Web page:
Is Hand Sanitizer Helpful or Harmful?

Is Hand Sanitizer Helpful or Harmful? | Dr. Ali Ghahary

Good hygiene is important in the prevention of illness. In particular, you should always keep your hands clean by washing them regularly with warm water and soap, scrubbing them for at least 20 seconds before rinsing them and drying them off. Doing this helps prevent the spread of bacteria and reduces your risk of coming down with things like the common cold or influenza, as well as from acquiring other bacterial-related illnesses.

When soap and water isn’t readily available (i.e. when you’re outdoors, or don’t have spare minute to stop what you’re doing to go and wash your hands), carrying hand sanitizer can be beneficial. In particular, hand sanitizers that contain around 60 to 95 percent alcohol tend to be more effective at killing off germs than those with a lower concentration of alcohol or ones that are non-alcohol based. However, you also need to keep in mind that hand sanitizers are not effective in eliminating all types of bacteria – such as C. difficile as well as the parasite known as Cryptosporidium; nor can they kill off the food-borne virus known as Norovirus, which affects as many as 20 million people each year and is spread through the consumption of contaminated foods and beverages.

For the aforementioned reasons, washing your hands with soap and water is usually what’s best to protect against harmful germs and bacteria. In addition, new research which was published by Science Translation Medicine last year found that several strains of bacteria were becoming more tolerant to hand sanitizers, meaning that some bacteria were able to thrive for longer periods of time even when alcohol-based sanitizers ere used. The same study also found that enterococcal infections, which are caused by bacteria affecting the bladder, digestive tract and heart, actually increased – and while these different types of bacteria weren’t necessarily resistant to alcohol-based sanitizers yet, it was still a concerning find. To make matters worse, many strains of the bacteria that were part of last year’s study were also found to be resistant to multiple drugs, which meant there would be fewer treatment options available.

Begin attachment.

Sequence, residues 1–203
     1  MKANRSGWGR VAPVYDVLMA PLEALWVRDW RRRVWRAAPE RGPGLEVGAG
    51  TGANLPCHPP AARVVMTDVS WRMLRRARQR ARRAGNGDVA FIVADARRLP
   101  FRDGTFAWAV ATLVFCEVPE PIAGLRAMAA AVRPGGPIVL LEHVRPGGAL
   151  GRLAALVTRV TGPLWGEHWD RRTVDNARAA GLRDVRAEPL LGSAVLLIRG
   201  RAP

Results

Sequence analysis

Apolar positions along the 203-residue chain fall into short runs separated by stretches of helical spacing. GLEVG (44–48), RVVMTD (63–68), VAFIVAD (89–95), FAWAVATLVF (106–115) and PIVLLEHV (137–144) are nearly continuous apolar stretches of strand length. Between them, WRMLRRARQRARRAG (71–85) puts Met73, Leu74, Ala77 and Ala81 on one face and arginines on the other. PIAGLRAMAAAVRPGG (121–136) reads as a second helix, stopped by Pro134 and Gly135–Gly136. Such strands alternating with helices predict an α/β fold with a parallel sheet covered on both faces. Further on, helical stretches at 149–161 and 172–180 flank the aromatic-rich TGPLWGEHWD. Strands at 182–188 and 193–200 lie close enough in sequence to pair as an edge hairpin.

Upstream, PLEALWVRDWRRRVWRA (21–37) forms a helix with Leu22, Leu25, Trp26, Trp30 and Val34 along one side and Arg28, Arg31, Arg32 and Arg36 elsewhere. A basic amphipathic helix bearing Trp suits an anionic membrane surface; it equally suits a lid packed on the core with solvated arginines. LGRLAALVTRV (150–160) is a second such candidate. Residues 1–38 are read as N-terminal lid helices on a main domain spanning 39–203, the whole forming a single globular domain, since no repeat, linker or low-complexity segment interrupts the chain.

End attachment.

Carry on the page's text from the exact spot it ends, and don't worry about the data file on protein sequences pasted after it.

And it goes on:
Along with not being able to fight off all strains of bacteria, hand sanitizer can also cause damage to the skin – especially if you’re overusing it. Hand sanitizers commonly contain alcohols known as isopropyl, ethanol and n-propanol, which can not only irritate the skin but also cause the it to become dry by stripping away its natural oil, cause skin cells to become dehydrated, and can even increase your risk of developing contact dermatitis – which develops when your skin comes into contact with certain substances, causing a red, itchy rash. The dryness caused by the alcohol in hand sanitizer can also lead to accelerated aging of the skin and an increase in the appearance of fine lines and wrinkles. Hand sanitizers also come in many different scents; to do this, they are made with chemical fragrances, and these can also be irritating to the skin and have even been linked to allergic reactions and the disruption of hormones, therefore if you do plan on using hand sanitizer, it’s best to use one that does not have any added fragrance to it.

You should also avoid the use of hand sanitizer if your hands are visibly dirty (for example, if you have been outside gardening), as they do not remove dirt. Instead, you’ll just wind up with a muddy mess on your hands and will ultimately have to clean them off with soap and water anyway. People also use hand sanitizer by habit, which can be a mistake. Using too much too often, or when it’s not necessary, is also what can lead to what’s known as antibiotic resistance, so if you are going to be using hand sanitizer then you should make sure you’re only using it when you need to and not simply because it’s sitting in front of you.